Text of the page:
The annual County Health Rankings – a project of the Robert Wood Johnson Foundation – were published last week, along with a report emphasizing the importance of affordable housing on overall health. As is typical for these kinds of reports, Santa Clara County looks great – ranked third in California behind Marin and San Mateo counties. Overall, the county scores well in length of life, quality of life, health behaviors, clinical care and social economic factors, but lags behind 34 other California counties on the physical environment measures – and, even there, the only measure where our county performs worse than the state average is in the percentage of the workforce that drives alone to work. Surprisingly, the county scores well below the state average in the “Severe housing problems” metric, defined as “the percentage of households with at least 1 of 4 housing problems: overcrowding, high housing costs, lack of kitchen facilities, or lack of plumbing facilities”.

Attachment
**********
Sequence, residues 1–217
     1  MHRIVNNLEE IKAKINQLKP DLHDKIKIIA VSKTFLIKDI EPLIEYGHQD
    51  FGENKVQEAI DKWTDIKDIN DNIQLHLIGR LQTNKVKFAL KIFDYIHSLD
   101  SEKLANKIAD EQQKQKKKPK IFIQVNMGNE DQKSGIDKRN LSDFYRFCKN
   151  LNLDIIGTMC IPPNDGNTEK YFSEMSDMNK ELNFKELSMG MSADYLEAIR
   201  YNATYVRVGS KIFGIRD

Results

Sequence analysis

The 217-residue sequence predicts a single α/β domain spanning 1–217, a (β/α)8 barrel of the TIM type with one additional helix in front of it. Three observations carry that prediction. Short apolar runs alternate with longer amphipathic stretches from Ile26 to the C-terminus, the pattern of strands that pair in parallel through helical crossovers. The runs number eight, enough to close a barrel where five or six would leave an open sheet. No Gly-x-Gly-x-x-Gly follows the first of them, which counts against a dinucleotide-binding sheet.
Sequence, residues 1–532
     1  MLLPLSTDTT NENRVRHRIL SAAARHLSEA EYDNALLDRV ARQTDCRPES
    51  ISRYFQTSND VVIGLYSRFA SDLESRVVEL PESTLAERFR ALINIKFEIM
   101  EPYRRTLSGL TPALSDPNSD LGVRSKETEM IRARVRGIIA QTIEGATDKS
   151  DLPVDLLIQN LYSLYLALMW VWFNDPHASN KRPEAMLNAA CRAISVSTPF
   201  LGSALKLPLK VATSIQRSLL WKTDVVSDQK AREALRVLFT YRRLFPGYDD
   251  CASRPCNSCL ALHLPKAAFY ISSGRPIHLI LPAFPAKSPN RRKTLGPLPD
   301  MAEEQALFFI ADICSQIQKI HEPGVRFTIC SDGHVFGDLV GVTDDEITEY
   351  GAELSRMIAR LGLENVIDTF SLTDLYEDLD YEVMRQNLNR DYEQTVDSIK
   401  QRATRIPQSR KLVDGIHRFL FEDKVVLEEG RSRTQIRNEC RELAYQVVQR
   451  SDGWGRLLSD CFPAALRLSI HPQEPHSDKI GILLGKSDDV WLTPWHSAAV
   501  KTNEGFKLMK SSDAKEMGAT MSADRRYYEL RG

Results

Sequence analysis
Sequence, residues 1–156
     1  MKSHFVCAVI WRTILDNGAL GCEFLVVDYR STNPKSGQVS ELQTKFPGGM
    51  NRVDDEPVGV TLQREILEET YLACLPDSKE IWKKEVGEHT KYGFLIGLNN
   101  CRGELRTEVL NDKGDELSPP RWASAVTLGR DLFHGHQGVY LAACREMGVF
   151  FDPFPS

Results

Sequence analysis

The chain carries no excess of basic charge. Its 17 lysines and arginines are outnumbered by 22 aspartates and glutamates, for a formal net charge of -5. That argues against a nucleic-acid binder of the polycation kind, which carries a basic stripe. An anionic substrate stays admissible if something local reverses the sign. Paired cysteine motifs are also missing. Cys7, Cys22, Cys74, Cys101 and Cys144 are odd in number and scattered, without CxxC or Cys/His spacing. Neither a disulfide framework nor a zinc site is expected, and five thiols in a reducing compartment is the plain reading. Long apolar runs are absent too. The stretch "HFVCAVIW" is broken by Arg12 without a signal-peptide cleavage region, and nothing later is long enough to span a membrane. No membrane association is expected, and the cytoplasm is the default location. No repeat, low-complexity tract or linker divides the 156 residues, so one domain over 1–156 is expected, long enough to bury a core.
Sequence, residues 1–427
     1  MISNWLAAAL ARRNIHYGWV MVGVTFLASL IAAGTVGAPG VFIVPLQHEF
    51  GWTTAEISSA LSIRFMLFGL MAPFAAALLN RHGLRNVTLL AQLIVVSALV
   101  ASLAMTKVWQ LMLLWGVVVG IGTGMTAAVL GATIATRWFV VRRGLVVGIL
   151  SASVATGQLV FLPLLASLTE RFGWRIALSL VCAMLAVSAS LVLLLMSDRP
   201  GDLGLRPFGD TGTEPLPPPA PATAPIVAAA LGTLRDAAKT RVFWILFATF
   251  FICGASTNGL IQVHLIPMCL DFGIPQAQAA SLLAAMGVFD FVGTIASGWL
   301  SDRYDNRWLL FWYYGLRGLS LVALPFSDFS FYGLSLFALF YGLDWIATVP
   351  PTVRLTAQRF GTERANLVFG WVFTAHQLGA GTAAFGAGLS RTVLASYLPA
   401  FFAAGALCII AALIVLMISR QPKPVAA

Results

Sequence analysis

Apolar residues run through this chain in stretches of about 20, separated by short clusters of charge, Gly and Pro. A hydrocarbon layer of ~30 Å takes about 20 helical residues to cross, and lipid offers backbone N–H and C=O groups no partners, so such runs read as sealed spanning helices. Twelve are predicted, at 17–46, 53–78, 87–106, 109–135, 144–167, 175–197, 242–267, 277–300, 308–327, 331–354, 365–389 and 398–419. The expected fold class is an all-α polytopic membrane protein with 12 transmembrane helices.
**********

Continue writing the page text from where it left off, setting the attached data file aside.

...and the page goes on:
However, a number of the measures allow you to click on the average number to see the data broken down by race (categorized as “Black”, “Hispanic” or “White”) and when you do that, the picture looks considerably less positive. Focusing on just the metrics directly affecting young children and their families, the data shows 50% higher rates of low birth weight among African-American than White newborns, ten-fold higher rates of teen births among Hispanic women than White women, rates of childhood poverty among African-American and Hispanic children that are five times the rate for White children, and incomes for White households close to double those for African-American and Hispanic households. Even without the ability to break out data for Asian children and families – and now that Santa Clara County has a plurality Asian population that is a big issue – its clear that there are significant, race-based, inequalities in health outcomes in our county. For those of us interested in improving early care, health and education, this is another indication that we can’t be satisified with a color blind, averages-based approach to data and policy making. Without digging deeper to unearth and recognize race-based inequalities in the data, we stand little chance of addressing the systemic inequities that lead to them.